Well o.k., firstly I’d better warn you that I think the answer is ‘pretty dark stuff’.. He seems to be comparing movies and moviegoing to denial (1.) Acting like a soldier at hearing of one’s brother’s death would surely not really be a good idea.. Let it all out, that’s what I say. And the memory of this injunction and his apparent contentedness to follow it reminds our protagonist of a movie he saw in which a character up and leaves his whole life behind to start anew. Admittedly it’s blamed on amnesia, but this was a typical trope of post-WW2 film noir, usually with some relation (however metaphorical) to a wish to forget, i.e. deny/repress, the traumatic experience(s) of WW2. It seems rather that cinema has become our character’s method, in his adult life, of continuing this controlling of his emotions (2.)

There is something extremely perverse about the fact that our character says ‘It was a fine night and I felt good. Overhead was the blackest sky I ever saw; a black wind pushed the lake toward us.’ I guess a black sky might denote a lack of rain clouds (!) tho this is hardly our initial impression. Rather the character seems to be relishing in darkness which I would say is the darkness of depression; just as Churchill famously called depression his ‘black dog.’ I like the way in this sequence the real world seeps into the movies in the sound of the waves and conversely the movies blare out to the outside world from the sidewalk speaker. This interchangeability of the two spaces finds a purpose when we realise that pleasure in ‘the blackest sky’ outside is for our character only an extension of the darkened room of a cinema. Our character’s moviegoing is presented as not merely a pastime, but as something that envelops his life, a dark sky of depression and denial, which he seems to relish.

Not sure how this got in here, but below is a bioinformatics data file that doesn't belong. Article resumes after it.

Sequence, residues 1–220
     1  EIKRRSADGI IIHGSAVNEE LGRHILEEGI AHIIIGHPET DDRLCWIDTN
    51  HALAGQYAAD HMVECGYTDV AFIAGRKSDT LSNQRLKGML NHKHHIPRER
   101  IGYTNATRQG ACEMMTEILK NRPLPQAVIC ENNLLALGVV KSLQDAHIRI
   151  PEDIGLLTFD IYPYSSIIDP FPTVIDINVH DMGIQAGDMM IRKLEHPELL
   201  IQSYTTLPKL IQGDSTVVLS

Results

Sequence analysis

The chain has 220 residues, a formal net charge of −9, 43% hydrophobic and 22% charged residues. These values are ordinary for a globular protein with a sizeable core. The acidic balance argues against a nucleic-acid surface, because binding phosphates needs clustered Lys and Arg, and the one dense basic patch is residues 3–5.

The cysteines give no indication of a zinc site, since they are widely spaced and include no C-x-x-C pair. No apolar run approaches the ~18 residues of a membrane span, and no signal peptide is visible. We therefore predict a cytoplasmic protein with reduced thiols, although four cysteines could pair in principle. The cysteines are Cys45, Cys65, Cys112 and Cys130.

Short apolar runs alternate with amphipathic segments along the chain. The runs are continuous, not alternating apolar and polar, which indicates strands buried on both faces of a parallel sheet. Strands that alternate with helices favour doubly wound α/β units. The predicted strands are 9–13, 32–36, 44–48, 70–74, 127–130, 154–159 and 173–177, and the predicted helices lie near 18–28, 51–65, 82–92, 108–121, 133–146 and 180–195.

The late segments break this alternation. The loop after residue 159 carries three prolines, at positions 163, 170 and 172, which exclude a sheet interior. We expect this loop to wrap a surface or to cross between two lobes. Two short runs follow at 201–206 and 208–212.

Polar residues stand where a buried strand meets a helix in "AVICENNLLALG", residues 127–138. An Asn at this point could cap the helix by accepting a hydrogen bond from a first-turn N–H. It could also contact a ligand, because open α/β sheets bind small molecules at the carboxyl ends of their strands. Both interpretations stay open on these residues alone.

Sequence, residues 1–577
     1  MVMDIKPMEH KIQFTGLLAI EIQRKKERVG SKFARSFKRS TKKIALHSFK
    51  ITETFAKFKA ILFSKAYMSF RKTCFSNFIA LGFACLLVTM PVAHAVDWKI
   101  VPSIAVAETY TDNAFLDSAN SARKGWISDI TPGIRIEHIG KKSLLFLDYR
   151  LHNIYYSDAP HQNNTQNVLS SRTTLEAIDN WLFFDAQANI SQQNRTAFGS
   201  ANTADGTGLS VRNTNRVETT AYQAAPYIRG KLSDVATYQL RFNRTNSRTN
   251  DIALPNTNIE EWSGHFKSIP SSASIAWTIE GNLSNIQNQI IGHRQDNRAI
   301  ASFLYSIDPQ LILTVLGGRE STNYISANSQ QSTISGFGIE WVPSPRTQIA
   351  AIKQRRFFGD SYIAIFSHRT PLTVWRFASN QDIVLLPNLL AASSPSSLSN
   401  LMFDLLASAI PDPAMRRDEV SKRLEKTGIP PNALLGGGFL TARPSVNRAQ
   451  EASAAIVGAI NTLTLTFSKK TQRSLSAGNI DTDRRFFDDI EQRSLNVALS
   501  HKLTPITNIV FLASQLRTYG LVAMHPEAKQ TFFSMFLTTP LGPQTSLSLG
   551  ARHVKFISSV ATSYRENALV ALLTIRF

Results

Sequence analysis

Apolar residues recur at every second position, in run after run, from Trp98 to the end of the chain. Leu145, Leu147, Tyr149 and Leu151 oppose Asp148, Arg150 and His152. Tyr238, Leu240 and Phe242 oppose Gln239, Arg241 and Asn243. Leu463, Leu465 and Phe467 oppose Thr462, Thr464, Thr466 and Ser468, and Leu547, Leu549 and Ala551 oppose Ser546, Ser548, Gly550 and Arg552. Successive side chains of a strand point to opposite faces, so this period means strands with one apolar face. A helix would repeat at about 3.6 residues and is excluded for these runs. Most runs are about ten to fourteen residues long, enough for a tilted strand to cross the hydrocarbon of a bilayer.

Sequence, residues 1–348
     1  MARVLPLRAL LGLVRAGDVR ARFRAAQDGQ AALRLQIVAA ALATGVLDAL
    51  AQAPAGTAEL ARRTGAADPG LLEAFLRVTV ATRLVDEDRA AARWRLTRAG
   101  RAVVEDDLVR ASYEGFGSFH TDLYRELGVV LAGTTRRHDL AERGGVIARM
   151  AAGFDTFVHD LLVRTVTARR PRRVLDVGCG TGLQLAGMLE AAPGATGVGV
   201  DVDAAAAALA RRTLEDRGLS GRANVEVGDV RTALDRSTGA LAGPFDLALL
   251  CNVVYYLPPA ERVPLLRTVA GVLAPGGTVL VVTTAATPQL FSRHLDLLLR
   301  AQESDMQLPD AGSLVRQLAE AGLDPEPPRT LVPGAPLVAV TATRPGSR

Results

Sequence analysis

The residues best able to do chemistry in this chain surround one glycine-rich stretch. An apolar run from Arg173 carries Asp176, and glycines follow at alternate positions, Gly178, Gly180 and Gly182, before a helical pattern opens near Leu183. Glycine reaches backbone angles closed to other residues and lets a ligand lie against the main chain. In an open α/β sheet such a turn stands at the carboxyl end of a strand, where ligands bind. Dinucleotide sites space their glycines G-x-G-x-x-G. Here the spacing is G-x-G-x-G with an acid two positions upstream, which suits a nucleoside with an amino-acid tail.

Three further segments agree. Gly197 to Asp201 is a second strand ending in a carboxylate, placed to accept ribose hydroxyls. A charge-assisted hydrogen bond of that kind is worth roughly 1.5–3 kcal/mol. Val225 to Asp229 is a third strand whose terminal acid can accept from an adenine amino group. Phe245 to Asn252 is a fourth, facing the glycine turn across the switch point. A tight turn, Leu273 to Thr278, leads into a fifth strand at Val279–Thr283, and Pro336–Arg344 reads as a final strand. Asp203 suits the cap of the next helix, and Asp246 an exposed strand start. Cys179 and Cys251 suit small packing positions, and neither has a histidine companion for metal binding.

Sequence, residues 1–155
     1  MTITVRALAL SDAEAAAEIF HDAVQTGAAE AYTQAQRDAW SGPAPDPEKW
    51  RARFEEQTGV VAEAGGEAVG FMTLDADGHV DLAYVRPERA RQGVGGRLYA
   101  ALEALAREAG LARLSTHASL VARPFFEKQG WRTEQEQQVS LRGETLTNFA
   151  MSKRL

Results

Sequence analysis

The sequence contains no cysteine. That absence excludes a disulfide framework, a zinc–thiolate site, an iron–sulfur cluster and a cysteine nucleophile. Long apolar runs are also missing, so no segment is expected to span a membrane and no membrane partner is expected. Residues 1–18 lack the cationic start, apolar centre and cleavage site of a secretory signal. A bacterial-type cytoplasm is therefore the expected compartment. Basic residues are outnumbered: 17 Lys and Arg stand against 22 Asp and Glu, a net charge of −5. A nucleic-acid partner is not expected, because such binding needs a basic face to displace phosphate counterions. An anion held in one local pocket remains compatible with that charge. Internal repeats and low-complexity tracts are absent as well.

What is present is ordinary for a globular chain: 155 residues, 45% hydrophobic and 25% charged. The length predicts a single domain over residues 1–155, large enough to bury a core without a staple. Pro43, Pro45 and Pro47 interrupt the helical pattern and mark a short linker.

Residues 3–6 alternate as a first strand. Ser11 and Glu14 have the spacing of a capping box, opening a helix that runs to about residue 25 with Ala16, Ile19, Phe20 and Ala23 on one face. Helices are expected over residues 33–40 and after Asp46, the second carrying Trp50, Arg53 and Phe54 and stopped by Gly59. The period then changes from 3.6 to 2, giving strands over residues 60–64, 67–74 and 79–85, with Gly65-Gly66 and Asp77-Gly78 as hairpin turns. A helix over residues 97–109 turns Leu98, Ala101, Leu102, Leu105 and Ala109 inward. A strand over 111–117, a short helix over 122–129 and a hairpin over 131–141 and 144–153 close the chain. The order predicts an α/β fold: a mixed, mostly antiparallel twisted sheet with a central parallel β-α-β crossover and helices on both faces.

I think this is the point at which we can begin to compare this sequence with Hopper’s painting above. Here we equally have a dark, slightly depressive cinema, its audience, on the left of the image, pointedly male and in shadow. And the girl on the right of the frame could very easily be Linda, the secretary in this sequence of The Moviegoer, all dressed up, with movie-star glamour, but with no-place to go – solemn and pointedly abstaining from watching the film. In New York Movie she’s an usherette; in The Moviegoer she’s the secretary and girlfriend – in both cases money has something to do with the situation, tho it is not necessarily everything..